March 4, 2024

A branch of Deutsche Bank is seen in the financial district of Frankfurt, Germany, Friday, May 6, 2022.

Alex Krause | Bloomberg | Getty Images

Deutsche Bank First-quarter net profit of 1.158 billion euros ($1.28 billion) was reported on Thursday, shrugging off a turbulent month gripped by fears of a global banking crisis.

Net profit attributable to shareholders was well above the consensus estimate of 864.54 million euros in a Reuters poll of analysts and up from 1.06 billion euros in the first quarter of 2022.

It marked the German lender’s 11th straight quarterly profit after completing a sweeping restructuring program that began in 2019 to cut costs and boost profitability.

Chief executive Christian Sewing said: “Our first quarter results demonstrate the relevance of our Global Hausbank strategy to our customers and underscore that we are on track to meet or exceed our 2025 targets.”

“We aim to accelerate the execution of our strategy through a series of measures announced today: increasing our ambition for operating efficiency, improving capital efficiency to drive returns and support shareholder distribution, and seizing opportunities to exceed our revenue growth targets.”

Still, Thursday’s report showed deposits fell to 592 billion euros in the quarter from 621.5 billion at the end of 2022. The bank said the decline was due to “intensified price competition, a normalization of the high levels seen in the first two quarters and end-of-quarter market volatility.

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Deutsche Bank Corporate Bank’s net revenue in the quarter was 2 billion euros, a year-on-year increase of 35%, the highest quarterly figure since the start of the transformation plan. Net interest income was the main driver, up 71%.

However, the bank also said it would lay off non-client-facing staff and reported a larger-than-expected 19% year-over-year decline in investment banking revenue.

“The bank is currently implementing additional efficiency measures in the front office and infrastructure,” it said in the report.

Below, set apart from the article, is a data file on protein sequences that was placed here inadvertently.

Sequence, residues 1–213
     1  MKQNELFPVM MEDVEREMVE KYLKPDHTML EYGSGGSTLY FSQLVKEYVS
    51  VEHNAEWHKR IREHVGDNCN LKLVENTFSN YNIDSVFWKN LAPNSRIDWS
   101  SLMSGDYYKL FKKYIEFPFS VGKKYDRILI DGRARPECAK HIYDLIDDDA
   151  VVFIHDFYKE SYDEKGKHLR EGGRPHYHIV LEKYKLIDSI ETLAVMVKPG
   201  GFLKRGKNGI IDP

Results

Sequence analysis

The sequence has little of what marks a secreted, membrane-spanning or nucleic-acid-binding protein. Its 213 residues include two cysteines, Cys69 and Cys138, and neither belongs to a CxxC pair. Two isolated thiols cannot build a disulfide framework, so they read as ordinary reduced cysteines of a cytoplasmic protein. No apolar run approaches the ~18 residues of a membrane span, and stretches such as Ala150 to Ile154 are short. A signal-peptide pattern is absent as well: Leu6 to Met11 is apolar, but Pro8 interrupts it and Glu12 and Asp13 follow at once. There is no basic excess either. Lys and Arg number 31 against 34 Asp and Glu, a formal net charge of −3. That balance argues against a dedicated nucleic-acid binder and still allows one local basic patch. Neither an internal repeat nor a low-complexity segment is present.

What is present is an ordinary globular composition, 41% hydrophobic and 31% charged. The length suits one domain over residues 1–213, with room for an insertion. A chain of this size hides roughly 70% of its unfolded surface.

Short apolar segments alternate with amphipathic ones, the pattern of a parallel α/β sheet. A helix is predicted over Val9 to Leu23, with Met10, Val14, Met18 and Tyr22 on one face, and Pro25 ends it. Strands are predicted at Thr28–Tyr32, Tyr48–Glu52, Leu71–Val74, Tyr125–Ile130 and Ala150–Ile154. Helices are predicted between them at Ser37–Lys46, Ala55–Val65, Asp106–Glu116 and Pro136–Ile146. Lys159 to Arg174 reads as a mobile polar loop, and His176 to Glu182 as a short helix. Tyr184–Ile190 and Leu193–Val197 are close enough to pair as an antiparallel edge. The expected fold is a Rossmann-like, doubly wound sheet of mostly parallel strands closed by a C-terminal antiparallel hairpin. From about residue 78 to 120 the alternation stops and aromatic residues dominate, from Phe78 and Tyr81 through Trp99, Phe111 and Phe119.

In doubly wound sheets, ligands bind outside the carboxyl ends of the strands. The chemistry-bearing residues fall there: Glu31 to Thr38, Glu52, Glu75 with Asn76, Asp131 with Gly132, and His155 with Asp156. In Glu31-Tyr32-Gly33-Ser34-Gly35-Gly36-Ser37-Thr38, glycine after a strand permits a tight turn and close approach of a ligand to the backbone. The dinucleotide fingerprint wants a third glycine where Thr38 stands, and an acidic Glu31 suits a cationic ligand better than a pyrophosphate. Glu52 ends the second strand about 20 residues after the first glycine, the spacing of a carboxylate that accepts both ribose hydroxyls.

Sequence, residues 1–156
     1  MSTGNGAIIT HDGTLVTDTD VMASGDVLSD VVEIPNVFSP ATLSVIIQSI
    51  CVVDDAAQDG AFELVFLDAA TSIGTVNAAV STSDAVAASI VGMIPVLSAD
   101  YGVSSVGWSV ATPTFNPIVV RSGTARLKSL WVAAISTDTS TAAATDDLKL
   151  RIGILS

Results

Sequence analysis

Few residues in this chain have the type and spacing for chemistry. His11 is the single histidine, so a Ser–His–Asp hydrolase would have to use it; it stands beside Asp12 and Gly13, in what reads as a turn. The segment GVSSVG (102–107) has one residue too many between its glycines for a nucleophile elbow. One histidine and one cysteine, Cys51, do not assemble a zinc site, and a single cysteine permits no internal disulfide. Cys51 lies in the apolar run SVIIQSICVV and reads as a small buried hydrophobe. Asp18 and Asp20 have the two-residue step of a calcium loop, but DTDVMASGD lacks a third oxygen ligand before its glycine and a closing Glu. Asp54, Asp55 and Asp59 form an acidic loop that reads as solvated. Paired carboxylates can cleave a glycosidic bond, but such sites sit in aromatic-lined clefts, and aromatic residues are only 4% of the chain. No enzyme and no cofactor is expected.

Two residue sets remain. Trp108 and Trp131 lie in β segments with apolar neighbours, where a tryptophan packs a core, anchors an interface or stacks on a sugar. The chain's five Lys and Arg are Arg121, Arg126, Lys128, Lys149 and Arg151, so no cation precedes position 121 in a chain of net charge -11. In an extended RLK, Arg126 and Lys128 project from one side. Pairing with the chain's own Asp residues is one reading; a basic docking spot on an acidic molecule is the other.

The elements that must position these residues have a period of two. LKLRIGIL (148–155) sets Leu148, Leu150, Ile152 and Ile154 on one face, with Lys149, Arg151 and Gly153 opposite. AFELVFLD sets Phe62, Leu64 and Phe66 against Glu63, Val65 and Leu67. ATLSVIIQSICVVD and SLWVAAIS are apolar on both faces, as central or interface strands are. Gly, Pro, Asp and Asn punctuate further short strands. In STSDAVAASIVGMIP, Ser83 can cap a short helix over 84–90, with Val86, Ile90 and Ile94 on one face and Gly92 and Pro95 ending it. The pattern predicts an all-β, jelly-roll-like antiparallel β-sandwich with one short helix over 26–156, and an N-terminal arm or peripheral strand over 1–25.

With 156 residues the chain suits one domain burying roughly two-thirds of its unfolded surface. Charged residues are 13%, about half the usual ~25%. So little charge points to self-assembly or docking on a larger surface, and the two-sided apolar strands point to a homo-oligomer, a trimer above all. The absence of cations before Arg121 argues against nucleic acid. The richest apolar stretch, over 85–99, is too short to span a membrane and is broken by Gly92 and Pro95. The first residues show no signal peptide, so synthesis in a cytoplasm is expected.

“These measures include strict restrictions on hiring in non-client-facing areas, centralized management reductions, streamlining of the mortgage lending platform, and further downsizing of the Russian Technology Center.”

Other data highlights for the quarter:

  • Revenue was 7.7 billion euros, up from 7.33 billion euros in the first quarter of 2022, although the bank said the quarter saw “challenging financial market conditions”.
  • The provision for credit losses was EUR 372 million, compared with EUR 292 million a year ago.
  • The CET 1 capital ratio, which measures banks’ solvency, was at 13.6 percent, up from 12.8 percent a year ago and 13.4 percent in the previous quarter.

Net profit of 1.8 billion euros in the final quarter of 2022 was well above expectations, bringing the bank’s annual net income to 5 billion euros, beating profit expectations. However, uncertainty over the macroeconomic outlook and weaker-than-expected earnings from the investment bank kept traders cautious on the company’s stock.

The market turmoil caused by the collapse of Silicon Valley Bank in early March eventually led to the emergency rescue of Silicon Valley Bank credit suisse go through Swiss bankdespite its strong financial position, it briefly swallowed Deutsche Bank late last month.

Its Frankfurt-listed shares tumbled while credit default swaps – a form of insurance for corporate bondholders against default – soared, prompting German Chancellor Olaf Schulz to publicly allay market concerns.

‘Natural beneficiary’ of Credit Suisse collapse

Chief Financial Officer James von Moltke told CNBC on Thursday that March’s banking turmoil allowed the bank to prove its mettle to a skeptical market.

“Certainly, the market conditions in March were interesting. We took the test and I think the silver lining of the test is that we passed the test and I think we passed it with flying colors,” he said.

“The market has been looking for unexpected banking holes in regional U.S. banks. It’s looking for securities losses, interest rate mismanagement issues, exposure to commercial real estate and many other types of characteristics.”

He suggested that, in reviewing Deutsche Bank, market participants saw a strong and profitable business model, a stable balance sheet and deposit base, a “very modest” and “well underwritten” commercial real estate book and “no short-term funding need”.

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“So, from all perspectives, when the market takes a hard look at us, what they see is a stable, well-run, well-managed bank,” von Moltke told CNBC’s Annette Weisbach ).

In light of UBS’ bailout of Credit Suisse, von Moltke also said Deutsche Bank would be a “natural beneficiary” of the collapse of the stricken Swiss lender.

“We admire the management team at UBS and we think that over time this competitor will become stronger, but again, banking relationships are now concentrated on one provider serving many of their clients, which is something you would expect Seeing them diversify things,” he said.

“We think we’re a natural destination for some of their customers, some of their people, some of their businesses, and I think we’re well positioned to capitalize on that opportunity.”